COVID-19 vaccines shown to reduce the likelihood of heart failure and blood clotting following infection

According to a recent study published in the British Medical Journal, COVID-19 vaccines have been shown to reduce the risk of heart failure by up to 55% and blood clots by up to 78% after contracting COVID-19.

After receiving the vaccine, individuals experienced significant health benefits that persisted for up to one year. These positive effects were particularly noticeable immediately following vaccination.

Dr. John Brownstein, chief innovation officer at Boston Children’s Hospital and an ABC News Medical contributor, emphasized that although there has been concern regarding the risk of myocarditis and other thromboembolic events after vaccination, this analysis underscores that the risk of these complications is significantly higher when a person contracts the SARS-CoV-2 infection itself.

In a study conducted in Europe, researchers examined a population of more than 20 million individuals. The participants were divided into two groups: one group received vaccination against the virus, while the other group did not. The vaccines included in the study were Moderna, Pfizer, AstraZeneca, and Johnson & Johnson.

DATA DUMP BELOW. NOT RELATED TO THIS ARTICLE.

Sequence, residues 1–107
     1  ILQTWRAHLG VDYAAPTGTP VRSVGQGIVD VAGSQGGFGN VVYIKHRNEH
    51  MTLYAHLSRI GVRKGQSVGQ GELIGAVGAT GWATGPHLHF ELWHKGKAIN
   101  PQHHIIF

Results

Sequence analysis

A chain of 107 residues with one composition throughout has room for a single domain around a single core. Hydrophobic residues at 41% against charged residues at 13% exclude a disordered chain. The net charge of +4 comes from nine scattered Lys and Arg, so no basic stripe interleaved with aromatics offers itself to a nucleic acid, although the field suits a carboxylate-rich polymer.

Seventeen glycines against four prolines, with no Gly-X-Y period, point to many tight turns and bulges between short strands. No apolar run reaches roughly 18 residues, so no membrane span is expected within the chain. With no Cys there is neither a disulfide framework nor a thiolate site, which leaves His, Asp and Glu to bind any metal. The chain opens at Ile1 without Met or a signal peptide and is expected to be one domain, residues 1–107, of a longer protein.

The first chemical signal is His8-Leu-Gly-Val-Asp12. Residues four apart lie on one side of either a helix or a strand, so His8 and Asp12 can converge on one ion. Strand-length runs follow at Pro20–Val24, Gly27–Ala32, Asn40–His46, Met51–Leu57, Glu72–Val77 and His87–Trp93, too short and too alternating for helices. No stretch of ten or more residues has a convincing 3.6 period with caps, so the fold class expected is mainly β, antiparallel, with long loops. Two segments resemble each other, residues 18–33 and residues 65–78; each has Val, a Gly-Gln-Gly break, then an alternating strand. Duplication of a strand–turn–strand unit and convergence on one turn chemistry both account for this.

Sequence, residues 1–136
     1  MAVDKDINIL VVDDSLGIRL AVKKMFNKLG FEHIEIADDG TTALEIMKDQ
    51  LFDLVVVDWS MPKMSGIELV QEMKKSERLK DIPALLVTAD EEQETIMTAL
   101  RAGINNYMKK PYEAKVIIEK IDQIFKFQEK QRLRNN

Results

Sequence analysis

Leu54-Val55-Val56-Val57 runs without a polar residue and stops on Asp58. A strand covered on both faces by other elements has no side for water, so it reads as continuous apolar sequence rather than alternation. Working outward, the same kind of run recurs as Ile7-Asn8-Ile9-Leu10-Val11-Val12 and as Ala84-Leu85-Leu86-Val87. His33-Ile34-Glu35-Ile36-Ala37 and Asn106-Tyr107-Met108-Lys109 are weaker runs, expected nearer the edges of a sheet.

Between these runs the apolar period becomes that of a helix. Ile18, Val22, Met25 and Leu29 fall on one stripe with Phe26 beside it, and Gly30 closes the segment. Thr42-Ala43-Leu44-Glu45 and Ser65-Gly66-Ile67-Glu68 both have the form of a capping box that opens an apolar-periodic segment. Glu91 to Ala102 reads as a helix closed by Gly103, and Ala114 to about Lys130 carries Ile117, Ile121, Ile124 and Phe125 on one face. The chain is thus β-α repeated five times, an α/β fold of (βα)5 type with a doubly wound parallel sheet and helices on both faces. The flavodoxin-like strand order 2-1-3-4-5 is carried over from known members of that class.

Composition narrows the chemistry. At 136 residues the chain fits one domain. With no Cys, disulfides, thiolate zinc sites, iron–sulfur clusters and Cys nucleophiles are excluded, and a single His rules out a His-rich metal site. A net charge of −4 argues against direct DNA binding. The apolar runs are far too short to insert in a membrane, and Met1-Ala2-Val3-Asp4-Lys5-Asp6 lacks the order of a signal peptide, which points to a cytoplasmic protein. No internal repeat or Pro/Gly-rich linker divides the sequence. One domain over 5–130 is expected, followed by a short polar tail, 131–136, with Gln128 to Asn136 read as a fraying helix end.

Researchers conducted a study comparing the original strain of the virus with the Delta variant.

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According to the researchers’ findings, COVID vaccines have been shown to significantly reduce the risk of blood clots in the veins by 78% within a month of receiving the dose. Additionally, the study found that these vaccines also reduced the risk of blood clots in the arteries by 47% and heart failure by 55%.

According to researchers, getting vaccinated against COVID-19 reduces the risk of developing a blood clot in the vein by 47%, a blood clot in an artery by 28%, and heart failure by 39% within six months of receiving the vaccine.

According to Brownstein, the results of the study provide an important contribution to our understanding of vaccine policy for the future. The findings highlight the significant role that COVID-19 vaccines play in mitigating the risk of long-term health complications after infection.

Adults aged 65 and above now have the opportunity to receive an enhanced COVID-19 vaccine that provides added protection against severe illness, hospitalization, and death. This update comes from the U.S. Centers for Disease Control and Prevention (CDC).

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